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Best digital piano for beginners [2020]

Digital piano can be a dream of yours . Choosing the right instrument in a right time is a best decision to learn and enjoy it. its very important as a beginner. Here we discuss and you can compare different digital piano models one by one . here we go,

Best digital piano top 10 in [2020]?

There are so many options it’s hard to definitively say which one is the best digital piano or the best keyboard piano. So, we try to take various factors into account. First and foremost, we focus on the piano sound, other voices are important but for the purpose of our list, they are a secondary concern. 

For any instruments that appear in more than one list, keep in mind that the pros and cons may be slightly different. For example, many digital pianos on this list may be too complex for a beginner and therefore would have different cons on our best for beginners list.

Yamaha YDP-184

This is built around the sound of Yamaha’s CFX 9′ concert grand piano and it’s absolutely beautiful. This is one for the purists looking for the ultimate piano experience. The experience can be enhanced by adjusting parameters like string and damper resonance with Virtual Resonance Modeling (VRM). This mimics in great detail the way string vibration reflects off the soundboard causes other strings to vibrate.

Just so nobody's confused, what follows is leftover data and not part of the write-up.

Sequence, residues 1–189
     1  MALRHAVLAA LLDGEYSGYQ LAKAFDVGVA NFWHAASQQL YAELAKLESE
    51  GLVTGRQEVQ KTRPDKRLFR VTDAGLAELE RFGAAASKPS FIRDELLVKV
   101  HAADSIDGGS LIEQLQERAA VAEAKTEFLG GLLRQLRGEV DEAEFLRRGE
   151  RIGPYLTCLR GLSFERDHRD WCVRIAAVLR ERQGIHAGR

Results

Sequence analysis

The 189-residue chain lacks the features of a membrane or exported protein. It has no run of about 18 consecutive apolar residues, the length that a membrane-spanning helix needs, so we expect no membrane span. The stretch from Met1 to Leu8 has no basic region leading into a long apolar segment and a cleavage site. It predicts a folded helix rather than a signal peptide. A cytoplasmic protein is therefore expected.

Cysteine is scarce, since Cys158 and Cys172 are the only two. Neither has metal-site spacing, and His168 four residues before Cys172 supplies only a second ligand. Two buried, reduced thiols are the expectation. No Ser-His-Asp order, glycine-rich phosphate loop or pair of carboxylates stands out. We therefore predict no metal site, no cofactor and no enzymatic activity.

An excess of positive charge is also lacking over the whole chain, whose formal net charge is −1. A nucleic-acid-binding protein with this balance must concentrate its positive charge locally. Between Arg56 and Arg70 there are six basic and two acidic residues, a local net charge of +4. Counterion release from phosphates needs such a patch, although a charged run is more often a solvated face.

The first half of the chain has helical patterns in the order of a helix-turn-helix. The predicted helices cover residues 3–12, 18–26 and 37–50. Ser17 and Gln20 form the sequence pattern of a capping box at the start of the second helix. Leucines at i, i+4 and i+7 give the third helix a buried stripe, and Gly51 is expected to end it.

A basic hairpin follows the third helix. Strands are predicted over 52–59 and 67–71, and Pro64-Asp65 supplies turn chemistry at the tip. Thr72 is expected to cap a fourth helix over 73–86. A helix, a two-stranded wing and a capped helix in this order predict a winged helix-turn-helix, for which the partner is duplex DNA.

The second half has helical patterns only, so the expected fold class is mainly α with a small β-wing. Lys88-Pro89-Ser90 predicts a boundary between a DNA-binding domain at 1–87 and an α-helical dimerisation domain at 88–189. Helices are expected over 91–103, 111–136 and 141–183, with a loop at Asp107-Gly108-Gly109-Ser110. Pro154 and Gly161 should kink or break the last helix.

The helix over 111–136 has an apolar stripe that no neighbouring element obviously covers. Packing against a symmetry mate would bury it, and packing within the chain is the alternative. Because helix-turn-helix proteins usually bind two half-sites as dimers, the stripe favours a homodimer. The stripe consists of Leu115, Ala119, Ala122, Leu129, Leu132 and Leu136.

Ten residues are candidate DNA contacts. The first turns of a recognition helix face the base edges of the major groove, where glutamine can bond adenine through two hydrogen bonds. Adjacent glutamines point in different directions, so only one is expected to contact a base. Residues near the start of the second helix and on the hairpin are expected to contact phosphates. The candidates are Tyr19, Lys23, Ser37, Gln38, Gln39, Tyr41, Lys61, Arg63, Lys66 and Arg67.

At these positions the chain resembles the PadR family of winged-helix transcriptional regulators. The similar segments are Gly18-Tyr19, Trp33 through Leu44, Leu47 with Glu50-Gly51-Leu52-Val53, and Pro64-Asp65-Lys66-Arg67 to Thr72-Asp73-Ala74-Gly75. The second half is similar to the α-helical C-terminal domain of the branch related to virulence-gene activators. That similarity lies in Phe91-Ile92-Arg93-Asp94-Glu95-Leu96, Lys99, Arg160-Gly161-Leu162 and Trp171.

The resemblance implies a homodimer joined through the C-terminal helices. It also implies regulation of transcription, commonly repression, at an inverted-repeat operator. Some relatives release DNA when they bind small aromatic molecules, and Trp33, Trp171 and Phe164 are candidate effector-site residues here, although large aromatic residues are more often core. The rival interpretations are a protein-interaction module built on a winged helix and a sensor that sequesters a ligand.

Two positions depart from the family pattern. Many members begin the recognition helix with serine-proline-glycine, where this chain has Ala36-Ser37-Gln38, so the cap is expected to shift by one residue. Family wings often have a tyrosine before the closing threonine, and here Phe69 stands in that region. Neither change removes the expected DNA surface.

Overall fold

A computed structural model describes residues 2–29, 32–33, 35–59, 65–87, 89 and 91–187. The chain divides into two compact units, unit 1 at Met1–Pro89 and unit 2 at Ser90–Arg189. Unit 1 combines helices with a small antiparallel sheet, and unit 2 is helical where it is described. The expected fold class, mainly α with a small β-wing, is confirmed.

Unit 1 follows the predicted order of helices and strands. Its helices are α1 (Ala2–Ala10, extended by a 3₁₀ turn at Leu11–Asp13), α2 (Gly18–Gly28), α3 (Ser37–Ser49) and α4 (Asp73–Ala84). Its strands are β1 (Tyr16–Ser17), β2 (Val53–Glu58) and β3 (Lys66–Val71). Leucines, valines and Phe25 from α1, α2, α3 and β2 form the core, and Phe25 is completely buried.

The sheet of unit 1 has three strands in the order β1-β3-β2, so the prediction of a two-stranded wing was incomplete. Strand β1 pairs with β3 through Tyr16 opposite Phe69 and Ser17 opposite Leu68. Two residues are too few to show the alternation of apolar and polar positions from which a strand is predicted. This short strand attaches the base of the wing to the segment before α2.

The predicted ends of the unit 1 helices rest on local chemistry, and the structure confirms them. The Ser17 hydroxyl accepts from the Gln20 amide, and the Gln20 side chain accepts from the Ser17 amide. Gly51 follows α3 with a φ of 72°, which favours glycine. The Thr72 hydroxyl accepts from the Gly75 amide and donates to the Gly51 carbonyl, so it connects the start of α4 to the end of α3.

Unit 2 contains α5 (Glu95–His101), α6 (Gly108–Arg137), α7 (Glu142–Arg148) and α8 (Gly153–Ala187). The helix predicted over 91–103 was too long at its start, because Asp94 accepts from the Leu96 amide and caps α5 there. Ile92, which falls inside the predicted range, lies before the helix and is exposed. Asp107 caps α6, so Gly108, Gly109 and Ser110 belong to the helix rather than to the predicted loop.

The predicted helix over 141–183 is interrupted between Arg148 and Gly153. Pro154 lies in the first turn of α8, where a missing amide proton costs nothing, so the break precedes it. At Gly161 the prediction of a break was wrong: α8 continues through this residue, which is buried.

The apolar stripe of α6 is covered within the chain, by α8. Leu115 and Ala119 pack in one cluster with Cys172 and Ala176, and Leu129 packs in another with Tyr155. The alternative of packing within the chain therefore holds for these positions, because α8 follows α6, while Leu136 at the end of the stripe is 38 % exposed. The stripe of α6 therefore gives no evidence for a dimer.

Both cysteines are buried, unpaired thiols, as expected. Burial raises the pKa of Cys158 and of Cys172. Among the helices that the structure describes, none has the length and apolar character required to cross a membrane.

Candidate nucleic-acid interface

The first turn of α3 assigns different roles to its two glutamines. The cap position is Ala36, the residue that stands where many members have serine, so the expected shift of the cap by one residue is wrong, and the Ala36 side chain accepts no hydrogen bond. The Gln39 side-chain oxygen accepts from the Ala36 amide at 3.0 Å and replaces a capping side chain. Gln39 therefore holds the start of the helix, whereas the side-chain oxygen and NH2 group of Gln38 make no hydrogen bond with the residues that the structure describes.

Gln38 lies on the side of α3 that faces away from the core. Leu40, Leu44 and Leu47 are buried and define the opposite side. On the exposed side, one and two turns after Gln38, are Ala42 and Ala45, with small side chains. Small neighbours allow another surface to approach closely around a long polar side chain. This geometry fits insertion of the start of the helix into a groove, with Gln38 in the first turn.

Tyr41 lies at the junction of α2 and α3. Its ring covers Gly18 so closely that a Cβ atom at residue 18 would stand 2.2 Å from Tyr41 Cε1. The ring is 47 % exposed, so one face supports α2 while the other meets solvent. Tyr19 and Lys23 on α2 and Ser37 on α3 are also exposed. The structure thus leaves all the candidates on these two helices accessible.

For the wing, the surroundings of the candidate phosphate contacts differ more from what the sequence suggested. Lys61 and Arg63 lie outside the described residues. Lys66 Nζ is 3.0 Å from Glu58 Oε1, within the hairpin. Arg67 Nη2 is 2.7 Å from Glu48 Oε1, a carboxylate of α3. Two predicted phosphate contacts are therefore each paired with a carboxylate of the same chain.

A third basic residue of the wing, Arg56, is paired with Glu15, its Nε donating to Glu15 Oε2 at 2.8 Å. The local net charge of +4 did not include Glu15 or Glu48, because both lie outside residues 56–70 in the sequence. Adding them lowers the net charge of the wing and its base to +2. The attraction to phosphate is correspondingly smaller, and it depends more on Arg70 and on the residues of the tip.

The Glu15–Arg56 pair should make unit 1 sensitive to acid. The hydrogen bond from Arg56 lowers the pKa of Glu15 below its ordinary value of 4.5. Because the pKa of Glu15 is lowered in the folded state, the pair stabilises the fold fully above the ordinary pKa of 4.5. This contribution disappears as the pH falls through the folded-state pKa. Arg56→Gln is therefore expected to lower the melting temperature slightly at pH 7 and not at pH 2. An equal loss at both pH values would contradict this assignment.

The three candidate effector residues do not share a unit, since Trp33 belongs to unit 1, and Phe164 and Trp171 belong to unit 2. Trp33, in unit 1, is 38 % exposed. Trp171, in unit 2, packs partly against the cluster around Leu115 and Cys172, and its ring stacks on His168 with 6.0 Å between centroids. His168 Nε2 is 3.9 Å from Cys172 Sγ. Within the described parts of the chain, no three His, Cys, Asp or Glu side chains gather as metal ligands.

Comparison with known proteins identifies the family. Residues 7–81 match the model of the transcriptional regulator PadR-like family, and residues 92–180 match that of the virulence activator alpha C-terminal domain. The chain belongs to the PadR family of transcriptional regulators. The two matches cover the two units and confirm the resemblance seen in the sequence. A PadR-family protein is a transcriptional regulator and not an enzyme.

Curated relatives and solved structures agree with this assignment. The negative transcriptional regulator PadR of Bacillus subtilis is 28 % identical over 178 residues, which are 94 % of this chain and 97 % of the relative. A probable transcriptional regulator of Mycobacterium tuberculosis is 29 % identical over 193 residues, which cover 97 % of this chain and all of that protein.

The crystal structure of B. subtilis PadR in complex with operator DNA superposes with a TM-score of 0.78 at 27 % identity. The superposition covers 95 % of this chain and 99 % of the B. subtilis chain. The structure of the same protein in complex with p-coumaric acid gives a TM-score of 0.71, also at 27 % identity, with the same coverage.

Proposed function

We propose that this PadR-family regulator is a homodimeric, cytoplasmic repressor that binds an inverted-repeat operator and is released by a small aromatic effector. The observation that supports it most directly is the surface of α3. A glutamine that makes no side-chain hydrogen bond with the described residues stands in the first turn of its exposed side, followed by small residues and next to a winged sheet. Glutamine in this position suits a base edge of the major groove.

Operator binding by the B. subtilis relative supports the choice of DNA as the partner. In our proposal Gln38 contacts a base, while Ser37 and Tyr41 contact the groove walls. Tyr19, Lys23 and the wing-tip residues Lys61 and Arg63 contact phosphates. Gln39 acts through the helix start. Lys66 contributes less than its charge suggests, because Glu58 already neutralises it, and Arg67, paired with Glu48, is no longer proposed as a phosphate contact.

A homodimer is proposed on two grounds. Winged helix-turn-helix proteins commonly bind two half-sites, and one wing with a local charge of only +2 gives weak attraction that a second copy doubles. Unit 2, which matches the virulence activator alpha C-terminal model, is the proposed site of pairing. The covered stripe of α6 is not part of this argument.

One of the best things about the YDP-184 is the expressiveness of the weighted keys. The graded hammer action keys are the best example of progression from low end to high end on our list. There are 24 voices including electric pianos and 256-note max polyphony. The MIDI record function lets you record your playing and USB connectivity makes it easy to connect to other devices.

Everything with this piano is about being authentic, even when playing with headphones the stereophonic optimizer recreates the experience of an acoustic piano. Sound is dispersed in a way that suggests it’s coming from the body of the instrument.